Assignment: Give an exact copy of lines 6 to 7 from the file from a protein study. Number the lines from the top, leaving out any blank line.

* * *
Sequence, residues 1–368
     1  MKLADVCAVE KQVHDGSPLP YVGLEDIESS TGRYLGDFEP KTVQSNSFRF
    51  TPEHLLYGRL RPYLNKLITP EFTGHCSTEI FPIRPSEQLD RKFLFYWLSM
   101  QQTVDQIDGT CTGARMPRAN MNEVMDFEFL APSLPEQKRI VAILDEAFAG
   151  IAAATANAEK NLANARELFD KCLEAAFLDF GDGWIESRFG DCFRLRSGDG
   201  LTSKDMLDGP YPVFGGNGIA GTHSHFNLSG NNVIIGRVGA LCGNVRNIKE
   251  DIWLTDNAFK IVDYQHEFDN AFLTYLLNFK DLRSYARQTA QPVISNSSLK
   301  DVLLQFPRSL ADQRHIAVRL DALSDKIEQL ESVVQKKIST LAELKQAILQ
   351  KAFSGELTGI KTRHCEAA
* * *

   201  LTSKDMLDGP YPVFGGNGIA GTHSHFNLSG NNVIIGRVGA LCGNVRNIKE
   251  DIWLTDNAFK IVDYQHEFDN AFLTYLLNFK DLRSYARQTA QPVISNSSLK